Medicare official defends controversial drug plan

Medicare official defends controversial drug plan
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The top Medicare official defended the administration’s controversial new plan to overhaul payments for prescription drugs on Wednesday, which he pitched as a way to increase access to potentially life-saving medicine.

“There is nothing that we propose to do, or should do, in any way, that prevents a patient from getting a prescription medicine that they need,” Andy Slavitt, the acting administrator of the Centers for Medicare and Medicaid Services, said Wednesday.

Slavitt spoke for the first time about the Medicare proposal in front of more than 100 pharmaceutical executives at the annual Pharmaceutical Research and Manufacturers of America (PhRMA) conference.

In a question-and-answer session with Slavitt, PhRMA board member and Merck CEO Kenneth Frazier deadpanned that he was going to ask about “the elephant in the room.”

The proposal had been unveiled just one day earlier.

“As you can imagine, people have a great deal of concern about the proposal,” Frazier said.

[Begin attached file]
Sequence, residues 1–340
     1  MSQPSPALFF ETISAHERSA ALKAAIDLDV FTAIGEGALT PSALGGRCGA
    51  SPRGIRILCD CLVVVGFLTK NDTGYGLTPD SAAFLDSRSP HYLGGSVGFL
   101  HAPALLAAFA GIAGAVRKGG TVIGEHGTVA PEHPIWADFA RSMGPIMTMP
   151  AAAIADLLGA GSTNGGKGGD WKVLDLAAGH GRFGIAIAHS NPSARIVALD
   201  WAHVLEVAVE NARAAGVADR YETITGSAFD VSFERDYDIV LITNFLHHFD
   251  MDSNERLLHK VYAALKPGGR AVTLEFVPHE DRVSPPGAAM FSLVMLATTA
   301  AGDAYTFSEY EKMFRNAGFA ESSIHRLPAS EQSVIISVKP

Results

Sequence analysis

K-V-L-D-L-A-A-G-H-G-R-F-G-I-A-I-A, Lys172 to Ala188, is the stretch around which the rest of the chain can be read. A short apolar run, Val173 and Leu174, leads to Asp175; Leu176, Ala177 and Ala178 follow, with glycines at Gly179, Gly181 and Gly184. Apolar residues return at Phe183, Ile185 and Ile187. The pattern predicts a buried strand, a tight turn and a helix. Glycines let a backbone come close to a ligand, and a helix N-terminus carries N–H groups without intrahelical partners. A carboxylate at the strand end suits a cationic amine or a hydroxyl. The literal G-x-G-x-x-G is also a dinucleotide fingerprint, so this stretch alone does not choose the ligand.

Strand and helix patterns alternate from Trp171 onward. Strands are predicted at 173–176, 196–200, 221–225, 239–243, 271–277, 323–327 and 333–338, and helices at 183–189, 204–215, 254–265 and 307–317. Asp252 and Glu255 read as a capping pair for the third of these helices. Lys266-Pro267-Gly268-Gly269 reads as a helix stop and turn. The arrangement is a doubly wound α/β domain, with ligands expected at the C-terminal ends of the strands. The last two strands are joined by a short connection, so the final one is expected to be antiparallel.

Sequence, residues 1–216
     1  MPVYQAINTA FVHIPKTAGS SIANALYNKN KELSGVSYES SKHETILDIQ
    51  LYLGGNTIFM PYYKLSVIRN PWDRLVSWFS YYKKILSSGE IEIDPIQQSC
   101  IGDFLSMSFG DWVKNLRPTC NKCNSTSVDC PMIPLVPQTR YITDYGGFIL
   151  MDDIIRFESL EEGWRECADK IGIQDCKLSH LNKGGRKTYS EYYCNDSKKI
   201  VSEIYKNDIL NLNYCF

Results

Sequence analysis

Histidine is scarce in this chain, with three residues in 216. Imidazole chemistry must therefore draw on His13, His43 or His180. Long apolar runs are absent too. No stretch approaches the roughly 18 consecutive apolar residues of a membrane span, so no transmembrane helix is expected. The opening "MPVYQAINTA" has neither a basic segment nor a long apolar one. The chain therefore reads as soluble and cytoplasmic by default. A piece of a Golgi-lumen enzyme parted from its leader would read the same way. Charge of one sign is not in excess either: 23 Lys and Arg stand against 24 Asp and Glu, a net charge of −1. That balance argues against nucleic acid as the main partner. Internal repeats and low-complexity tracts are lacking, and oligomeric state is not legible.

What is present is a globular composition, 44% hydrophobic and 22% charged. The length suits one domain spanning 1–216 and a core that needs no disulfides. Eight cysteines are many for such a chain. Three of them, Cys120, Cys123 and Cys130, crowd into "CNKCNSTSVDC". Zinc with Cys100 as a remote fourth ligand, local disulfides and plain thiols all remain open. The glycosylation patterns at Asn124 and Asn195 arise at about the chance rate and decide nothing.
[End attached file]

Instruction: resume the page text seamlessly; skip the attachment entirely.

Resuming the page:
Under the pilot model, the reimbursement rate in Medicare Part B would be slashed by more than half, but with a new flat rate per prescription. Currently, doctors are paid by the Medicare Part B program based on a drug’s average sales price, plus 6 percent. That rate will drop to 2.5 percent under the model, with a flat payment of about $16

The proposal, which was officially unveiled Tuesday after it was leaked weeks earlier, is intended to rein in government spending on drugs and promote more effective treatments.

In the past 24 hours, the pilot model has been condemned by groups such as the American Society of Clinical Oncology, though it was applauded by groups such as the Center for American Progress for encouraging higher-value drugs.

Slavitt stressed that the plan was still in the early stages, and that the agency would be soliciting feedback for several months.

“I expect this to be in the beginning of a discussion,” Slavitt said. “I hope we hear the kind of input that allows us to do this.”